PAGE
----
- Hypothyroidism: A metabolic disorder affecting the dog’s bodily functions. Symptoms include hair loss, weight gain, lethargy, lack of tolerance to the cold, and hair and skin changes.
- Dilated Cardiomyopathy: This disease thins and weakens the heart muscle. As a result, it is unable to effectively pump blood around the body. Typically fatal.
- Persistent Hyperplastic Primary Vitreous: This eye condition occurs prior to birth and is concurrent with Retinal Dysplasia
Dobermanns require a firm owner that won’t let this dog push them around! In a family setting, this breed will be inclined to listen to the person that gives them the most attention. As an intelligent breed, training is relatively easy for those with experience.
Protective by instinct, Dobermanns will always be on the lookout for a threat. Owners will need to reassure their dog that not every person knocking on the door is trouble! A Dobermann can quickly spiral into overreactive behaviour due to a lack of socialization.
Dobermann puppies can be highly destructive in their early years. Owners will need to manage this behaviour by giving their dog enough toys and exercise to unleash their energy. A lack of exercise will lead to destructive behaviours.
Crate training is an effective method for a Dobermann puppy. It’s a separate space that feels both safe and comforting. It should be big enough to hold their bed and toys. This breed takes well to crates as they enjoy having a space of their own. To speed up housebreaking, crates may also be used!
Dobermans are impeccable guard dogs and should begin obedience training at 8 weeks old. These fiery canines aren’t for the faint-hearted and have even intimidated unprepared owners. Reward-based training works well with this breed and consistent owners will quickly earn their respect.
Dobermann Interesting Facts
- Stanley Coren, a psychologist and neuropsychological researcher wrote on the history, mental abilities and intelligence of dogs. Under the obedience command training category, he listed the Doberman Pinscher as the 5th most intelligent breed!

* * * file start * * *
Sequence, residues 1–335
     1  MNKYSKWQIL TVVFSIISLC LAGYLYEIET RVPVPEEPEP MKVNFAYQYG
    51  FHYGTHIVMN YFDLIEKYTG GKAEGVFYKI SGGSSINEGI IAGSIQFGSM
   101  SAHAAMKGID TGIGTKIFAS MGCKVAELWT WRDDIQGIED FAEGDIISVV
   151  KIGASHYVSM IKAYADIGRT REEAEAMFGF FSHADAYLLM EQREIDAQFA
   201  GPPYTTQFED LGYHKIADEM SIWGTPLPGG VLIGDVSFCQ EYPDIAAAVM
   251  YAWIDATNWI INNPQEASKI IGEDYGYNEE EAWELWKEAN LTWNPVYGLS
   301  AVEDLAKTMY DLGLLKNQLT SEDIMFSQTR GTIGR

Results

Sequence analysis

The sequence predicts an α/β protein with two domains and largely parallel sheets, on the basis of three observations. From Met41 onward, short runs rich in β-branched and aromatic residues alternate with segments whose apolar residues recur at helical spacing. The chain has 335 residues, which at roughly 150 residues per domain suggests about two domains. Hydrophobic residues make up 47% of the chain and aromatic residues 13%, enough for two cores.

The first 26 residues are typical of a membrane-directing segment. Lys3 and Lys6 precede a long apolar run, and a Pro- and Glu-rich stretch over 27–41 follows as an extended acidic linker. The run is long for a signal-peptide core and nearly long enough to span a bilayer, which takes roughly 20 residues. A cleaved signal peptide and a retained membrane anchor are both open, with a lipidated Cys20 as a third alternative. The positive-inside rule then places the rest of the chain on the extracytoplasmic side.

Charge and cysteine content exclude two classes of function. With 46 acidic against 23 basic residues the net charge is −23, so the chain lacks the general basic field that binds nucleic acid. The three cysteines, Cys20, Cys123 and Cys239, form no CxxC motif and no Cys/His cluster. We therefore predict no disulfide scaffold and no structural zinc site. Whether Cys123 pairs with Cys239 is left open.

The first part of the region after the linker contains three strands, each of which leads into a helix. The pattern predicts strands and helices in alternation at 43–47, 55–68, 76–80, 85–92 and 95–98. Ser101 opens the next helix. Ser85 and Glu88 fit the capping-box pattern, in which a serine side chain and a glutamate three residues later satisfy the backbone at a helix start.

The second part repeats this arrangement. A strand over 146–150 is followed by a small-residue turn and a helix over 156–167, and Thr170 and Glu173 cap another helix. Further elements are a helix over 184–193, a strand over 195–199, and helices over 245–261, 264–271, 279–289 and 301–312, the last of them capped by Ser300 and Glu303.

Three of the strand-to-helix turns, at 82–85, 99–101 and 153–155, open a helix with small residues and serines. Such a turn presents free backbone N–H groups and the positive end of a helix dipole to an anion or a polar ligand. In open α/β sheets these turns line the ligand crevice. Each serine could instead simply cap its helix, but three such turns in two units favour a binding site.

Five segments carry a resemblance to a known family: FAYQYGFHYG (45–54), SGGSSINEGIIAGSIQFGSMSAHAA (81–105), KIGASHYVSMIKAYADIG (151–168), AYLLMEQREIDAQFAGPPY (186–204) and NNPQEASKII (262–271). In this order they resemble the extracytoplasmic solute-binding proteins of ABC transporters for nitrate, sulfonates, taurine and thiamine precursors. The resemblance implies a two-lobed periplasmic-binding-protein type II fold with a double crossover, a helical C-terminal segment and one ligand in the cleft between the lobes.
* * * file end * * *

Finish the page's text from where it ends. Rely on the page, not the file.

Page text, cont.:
- During the Second Battle of Guam in 1944, Cappy, a Dobermann saved 250 U.S Marines by alerting them to Japanese soldiers. He and 24 other Dobermanns have had their names inscribed on America’s first official war dog monument. Kurt, another Dobermann was the first dog to be mortally wounded, and the first to be buried in what we know today as the War Dog Cemetary. Kurt is the bronze dog sat on top of the World War II War Dog Memorial.
- In Karnataka, India, a female Doberman Pinscher named Tunga has revealed over 60 thefts and 50 murders! In one case, she ran over 12 kilometres to catch a murderer! At the age of 10, Tunga is a proven legend and local hero!
- Dobermans are regularly seen on the big screen! Some of their most famous movies include The Doberman Gang(1972), Alex & the Doberman Gang (1980), The Daring Dobermans (1973), Ruthless people (1986), Suburbia (1983), They Only Kill Their Masters (1972), and many more!
- Ch. Borong the Warlock is the most successful Dobermann, winning Championship titles in three countries. Some of his winnings include 30 Speciality Show bests, 230 Best of Breed, 6 all-breed Best in Shows, and 66 working groups. He won first place in a Top Ten competition judged by five Dobermann breed specialists. He is also the only Dobermann to win three times at the Doberman Pinscher Club of America National Specialty Show.